Ullrich points out physical attributes and mannerisms that helped Hitler's rise (such as his eyes and hands and how he used them as he spoke). Hitler's skill as a public speaker was based on practice and being able to read a room. He often used the same rhetorical tropes, but focused on building intensity and emotional appeals.

Hitler has an talent for mimicking voices and mannerisms. Hitler also had a gift for reading a room and refining his message to the audience. He would be overtly Jew hating when dealing with his Nazi and SA comrades. Hitler would be more refined and restrained when dealing with the salon and business set.

Like Shirer, Ullrich does not see Hitler's rise as inevitable. While we continue to thank those who ultimately defeated Nazism, millions died in the process. There were plenty of times history could have changed.

Hitler could have been stopped without another world war, but Hitler was not a Forest Gump feather just floating along. Hitler's talent in oratory, self promotion, acting, and political rabble-rousing are what lead to his rise to power. Albert Speer (although take what Speer says with some skepticism) noted that Charlie Chaplin's The Great Dictator comes closest in contemporary depictions in capturing Hitler's style.

Hitler declaring war on the United States of America on December 11, 1941

There is a lot of focus on Hitler (by the left) over what many of the left perceived about the rise of Donald Trump. While Trump uses nationalism as a motivator, beyond that the comparison really falls apart pretty quickly. There are certainly plenty of things to criticize President Trump about, but fears of him being a fascist or Nazi are nonsense and hyperbole.

While their are some neo-Nazi and white supremacist groups still out there, they are mostly fringe and widely denounced (both on the right and the left). The ideology that come closes to Hitler and the Nazis today (at least in Jew hatred) is radical Islam. It is not even all that radical any more: Imans in California are publicly calling for Allah to annihilate the Jews (and there wasn't a lot of back lash from the Muslim community against it). In fact, his mosque defends him (he meant destroy, not annihilate). Of course, back when the Nazis were in power they had a lot of Muslim support. Hitler admired the Muslim faith and the link of state and religion.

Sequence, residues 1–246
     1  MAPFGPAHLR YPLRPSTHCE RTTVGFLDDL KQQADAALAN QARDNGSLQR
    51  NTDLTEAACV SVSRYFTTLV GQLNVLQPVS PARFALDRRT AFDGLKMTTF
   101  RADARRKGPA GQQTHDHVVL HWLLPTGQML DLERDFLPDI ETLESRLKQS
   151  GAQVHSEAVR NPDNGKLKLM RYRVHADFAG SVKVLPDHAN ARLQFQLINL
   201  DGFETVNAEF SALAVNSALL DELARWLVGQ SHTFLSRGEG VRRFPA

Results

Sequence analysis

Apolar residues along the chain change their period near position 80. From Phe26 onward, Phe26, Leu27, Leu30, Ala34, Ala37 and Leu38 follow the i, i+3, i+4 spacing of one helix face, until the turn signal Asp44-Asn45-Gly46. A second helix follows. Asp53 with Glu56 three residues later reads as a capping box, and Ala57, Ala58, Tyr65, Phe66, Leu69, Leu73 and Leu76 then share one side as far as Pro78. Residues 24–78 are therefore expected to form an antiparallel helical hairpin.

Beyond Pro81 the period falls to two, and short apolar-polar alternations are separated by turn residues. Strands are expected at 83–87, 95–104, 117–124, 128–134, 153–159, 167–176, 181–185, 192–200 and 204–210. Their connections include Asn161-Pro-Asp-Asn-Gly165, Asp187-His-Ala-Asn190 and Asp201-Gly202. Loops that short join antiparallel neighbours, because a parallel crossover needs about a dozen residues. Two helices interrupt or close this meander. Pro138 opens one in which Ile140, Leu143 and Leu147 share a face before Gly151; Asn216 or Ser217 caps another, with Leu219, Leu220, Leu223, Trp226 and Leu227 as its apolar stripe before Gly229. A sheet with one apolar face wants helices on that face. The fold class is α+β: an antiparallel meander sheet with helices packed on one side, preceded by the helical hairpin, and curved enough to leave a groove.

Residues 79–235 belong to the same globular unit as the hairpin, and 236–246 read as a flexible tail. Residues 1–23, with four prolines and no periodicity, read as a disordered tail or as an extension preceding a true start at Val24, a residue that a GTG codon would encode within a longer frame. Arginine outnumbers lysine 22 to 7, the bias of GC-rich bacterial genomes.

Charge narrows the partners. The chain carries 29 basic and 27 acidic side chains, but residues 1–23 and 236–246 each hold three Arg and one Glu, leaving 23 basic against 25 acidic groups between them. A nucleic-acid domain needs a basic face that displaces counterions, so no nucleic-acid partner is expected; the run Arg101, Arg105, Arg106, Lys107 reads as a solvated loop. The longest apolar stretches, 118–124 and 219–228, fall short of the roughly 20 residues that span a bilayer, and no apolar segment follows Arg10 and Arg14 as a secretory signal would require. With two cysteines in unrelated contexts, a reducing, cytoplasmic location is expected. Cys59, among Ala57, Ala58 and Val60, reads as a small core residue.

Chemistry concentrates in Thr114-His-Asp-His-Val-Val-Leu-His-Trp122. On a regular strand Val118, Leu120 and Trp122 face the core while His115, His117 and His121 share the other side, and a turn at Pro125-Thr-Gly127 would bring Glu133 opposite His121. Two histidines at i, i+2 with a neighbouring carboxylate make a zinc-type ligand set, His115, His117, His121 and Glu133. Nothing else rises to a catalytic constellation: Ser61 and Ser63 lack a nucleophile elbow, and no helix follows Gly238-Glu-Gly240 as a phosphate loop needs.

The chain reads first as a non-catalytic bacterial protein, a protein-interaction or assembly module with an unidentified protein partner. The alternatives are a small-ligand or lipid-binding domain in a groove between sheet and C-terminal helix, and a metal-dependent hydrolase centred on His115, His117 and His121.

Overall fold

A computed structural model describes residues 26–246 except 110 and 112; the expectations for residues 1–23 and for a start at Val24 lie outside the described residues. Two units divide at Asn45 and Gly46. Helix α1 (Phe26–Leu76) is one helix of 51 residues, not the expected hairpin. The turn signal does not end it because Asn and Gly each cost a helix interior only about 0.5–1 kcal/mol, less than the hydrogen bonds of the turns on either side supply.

Ullrich does not demonize Hitler, but rather uses Hitler's own words, statements (combined with us knowing how things turned out and the horrors inflicted) to allow the reader to make the case. Sometimes, you have to take what people say as what they truly believe.

Looking back on a historical figure like Hitler can offer insights in general. That Hitler and the Nazi movement were able to seduce almost an entire nation (and imperil the entire world) is frightening and still worthy of study.  If you have not read them (or in the case of Shirer's book not read it in a long time) both are well worth reading.

If I had to choose just one, I would go with Shirer's book. If you are interested in Hitler in particular (and the second volume is still to come), then the Ullrich book would be the choice.

2 comments:

  1. Read "Rise and Fall" when I was 14 when it came out in paperback. Long, but always interesting.

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    1. It is a really amazing book. Back when journalism actually meant something.

      Ullrich's book illuminates to me just how similar Hitler was to many left wing lunatics today. Only difference, Hitler managed to get unlimited power in his county. The rest, as they say, is history...